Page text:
The publishing station 106 processes and prepares the video files and metadata, including any segment identifiers or descriptions, for transmittal to various platforms. Video files may be converted to other formats that may depend on the platform. For example, video files stored in storage 120 or processed by the tagging station 104 may be formatted according to an MPEG standard, such as MPEG-2, which may be compatible with cable television 112. MPEG video may be converted to flash video for transmittal to the Internet 108 or 3GP for transmittal to mobile devices 110.
Video files may be converted to multiple video files, each corresponding to a different video segment, or may be merged to form one video file.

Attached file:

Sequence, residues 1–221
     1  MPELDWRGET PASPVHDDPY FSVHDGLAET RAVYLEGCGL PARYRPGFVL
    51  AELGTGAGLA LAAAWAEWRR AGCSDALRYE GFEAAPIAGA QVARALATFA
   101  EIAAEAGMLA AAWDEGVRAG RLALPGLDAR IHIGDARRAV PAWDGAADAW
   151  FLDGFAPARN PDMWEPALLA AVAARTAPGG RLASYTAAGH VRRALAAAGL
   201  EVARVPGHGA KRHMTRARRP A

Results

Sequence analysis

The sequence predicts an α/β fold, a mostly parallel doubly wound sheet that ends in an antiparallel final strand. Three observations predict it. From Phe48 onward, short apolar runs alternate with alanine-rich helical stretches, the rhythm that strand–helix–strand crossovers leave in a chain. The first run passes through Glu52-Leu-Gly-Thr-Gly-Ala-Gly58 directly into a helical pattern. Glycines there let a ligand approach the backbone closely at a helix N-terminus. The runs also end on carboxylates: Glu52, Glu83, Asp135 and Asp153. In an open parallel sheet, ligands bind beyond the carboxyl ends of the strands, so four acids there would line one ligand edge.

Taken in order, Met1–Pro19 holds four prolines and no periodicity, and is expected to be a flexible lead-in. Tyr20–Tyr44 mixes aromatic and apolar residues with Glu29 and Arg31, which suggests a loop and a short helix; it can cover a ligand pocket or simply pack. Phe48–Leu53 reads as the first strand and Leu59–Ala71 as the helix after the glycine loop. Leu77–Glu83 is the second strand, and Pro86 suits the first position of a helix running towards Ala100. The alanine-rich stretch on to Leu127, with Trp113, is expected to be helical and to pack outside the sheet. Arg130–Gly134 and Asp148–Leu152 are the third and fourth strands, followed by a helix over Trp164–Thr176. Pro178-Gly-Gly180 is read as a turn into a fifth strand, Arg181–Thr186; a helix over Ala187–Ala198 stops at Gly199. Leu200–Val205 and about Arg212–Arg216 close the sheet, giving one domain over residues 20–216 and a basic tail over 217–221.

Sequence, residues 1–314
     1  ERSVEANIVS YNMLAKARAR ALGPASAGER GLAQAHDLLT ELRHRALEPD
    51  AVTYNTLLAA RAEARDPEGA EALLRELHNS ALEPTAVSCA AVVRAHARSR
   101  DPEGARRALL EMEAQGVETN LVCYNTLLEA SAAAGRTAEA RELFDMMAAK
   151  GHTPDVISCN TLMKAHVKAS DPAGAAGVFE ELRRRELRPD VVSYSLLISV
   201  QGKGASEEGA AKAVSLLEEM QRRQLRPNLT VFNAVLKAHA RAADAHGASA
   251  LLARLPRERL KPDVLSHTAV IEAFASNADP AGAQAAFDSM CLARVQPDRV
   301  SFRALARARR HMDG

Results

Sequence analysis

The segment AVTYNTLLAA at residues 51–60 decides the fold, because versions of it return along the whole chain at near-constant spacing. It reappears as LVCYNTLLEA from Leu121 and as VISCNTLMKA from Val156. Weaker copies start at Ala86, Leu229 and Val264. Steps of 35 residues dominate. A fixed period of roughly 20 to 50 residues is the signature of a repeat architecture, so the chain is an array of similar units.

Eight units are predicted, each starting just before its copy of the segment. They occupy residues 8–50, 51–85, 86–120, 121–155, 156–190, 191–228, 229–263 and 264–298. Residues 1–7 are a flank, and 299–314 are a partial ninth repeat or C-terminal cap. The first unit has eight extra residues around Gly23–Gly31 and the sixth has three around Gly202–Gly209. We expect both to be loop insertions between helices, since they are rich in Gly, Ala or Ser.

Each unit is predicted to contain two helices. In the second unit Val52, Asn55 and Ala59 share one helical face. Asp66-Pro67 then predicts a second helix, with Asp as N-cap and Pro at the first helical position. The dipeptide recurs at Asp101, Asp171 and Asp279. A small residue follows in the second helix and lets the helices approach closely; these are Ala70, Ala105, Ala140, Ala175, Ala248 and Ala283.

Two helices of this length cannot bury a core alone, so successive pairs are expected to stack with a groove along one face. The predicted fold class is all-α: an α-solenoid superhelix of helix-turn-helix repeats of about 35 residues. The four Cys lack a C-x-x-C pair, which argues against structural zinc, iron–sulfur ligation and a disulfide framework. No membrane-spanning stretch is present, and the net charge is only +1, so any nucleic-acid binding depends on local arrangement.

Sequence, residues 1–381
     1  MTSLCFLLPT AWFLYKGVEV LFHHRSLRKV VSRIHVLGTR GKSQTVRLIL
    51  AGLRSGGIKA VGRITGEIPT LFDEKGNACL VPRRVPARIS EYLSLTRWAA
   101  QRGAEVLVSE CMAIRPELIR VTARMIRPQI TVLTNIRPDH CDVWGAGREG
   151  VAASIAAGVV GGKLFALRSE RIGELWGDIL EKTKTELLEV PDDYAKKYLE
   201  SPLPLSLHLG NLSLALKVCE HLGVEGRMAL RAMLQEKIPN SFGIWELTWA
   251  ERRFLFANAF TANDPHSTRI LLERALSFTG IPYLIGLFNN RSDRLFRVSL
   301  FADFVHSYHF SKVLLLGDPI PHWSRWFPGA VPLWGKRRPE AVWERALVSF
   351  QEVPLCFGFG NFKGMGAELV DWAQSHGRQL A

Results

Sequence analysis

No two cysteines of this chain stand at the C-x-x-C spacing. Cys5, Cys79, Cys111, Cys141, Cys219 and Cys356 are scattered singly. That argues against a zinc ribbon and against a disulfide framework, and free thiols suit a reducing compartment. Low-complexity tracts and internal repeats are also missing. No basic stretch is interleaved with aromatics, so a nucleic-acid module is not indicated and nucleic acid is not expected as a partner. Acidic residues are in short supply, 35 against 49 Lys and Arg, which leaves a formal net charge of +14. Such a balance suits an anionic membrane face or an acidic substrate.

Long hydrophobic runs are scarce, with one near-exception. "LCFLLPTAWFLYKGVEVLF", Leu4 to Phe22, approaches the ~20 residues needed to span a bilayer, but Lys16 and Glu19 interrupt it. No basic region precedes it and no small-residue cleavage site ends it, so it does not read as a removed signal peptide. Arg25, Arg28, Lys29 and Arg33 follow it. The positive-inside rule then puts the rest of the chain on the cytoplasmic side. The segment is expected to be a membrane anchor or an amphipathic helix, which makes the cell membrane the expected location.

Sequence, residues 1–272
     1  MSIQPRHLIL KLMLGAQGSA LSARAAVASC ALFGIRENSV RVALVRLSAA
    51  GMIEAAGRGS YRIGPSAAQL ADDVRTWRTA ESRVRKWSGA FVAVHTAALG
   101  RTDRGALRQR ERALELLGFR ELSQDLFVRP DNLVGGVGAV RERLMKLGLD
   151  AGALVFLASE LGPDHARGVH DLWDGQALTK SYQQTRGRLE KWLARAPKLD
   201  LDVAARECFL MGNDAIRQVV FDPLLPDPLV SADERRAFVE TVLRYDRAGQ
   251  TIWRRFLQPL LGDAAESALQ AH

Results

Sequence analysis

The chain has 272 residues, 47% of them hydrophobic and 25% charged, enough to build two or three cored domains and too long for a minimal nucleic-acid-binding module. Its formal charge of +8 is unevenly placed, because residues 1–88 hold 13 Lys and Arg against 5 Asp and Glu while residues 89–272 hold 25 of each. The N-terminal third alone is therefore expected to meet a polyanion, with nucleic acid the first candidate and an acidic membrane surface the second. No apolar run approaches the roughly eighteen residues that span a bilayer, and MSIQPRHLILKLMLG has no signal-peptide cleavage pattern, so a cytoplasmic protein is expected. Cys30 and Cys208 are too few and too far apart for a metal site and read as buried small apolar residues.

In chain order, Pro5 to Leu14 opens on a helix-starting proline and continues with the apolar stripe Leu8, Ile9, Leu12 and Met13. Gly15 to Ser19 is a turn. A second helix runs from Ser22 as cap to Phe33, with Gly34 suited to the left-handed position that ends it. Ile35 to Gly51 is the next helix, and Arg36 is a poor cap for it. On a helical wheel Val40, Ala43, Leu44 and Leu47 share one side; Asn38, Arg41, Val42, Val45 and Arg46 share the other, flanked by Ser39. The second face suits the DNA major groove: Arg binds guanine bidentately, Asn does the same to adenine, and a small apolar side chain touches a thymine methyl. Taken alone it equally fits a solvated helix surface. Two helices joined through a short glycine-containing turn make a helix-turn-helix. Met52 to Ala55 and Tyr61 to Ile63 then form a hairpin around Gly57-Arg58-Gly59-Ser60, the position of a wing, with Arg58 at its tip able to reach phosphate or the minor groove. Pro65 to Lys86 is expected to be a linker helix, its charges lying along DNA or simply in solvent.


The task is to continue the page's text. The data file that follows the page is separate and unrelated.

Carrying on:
The publishing station 106 may be in communication with storage 128. In particular, the publishing station 106 may store metadata and/or an index of metadata in storage 128, where the metadata may have been generated at the tagging station 104 or at a client device on one of the platforms 108, 110, and 112, where the client device in turn may have access to the metadata and/or metadata index stored in storage 128. In some embodiments, storage 128 is periodically updated across multiple platforms, thereby allowing client devices across multiple platforms to have access to the same set of metadata. Exemplary methods for periodically updating storage 128 include crawling a network of a platform (e.g., web crawling the Internet 108), updating data stored on storage 128 each time metadata is generated or modified at a particular client device or by a particular user, and synchronizing storage 128 with storage located on one of the platforms, (e.g., a database located on the Internet 108, a memory located on a cable box or digital video recorder on the cable television system 112).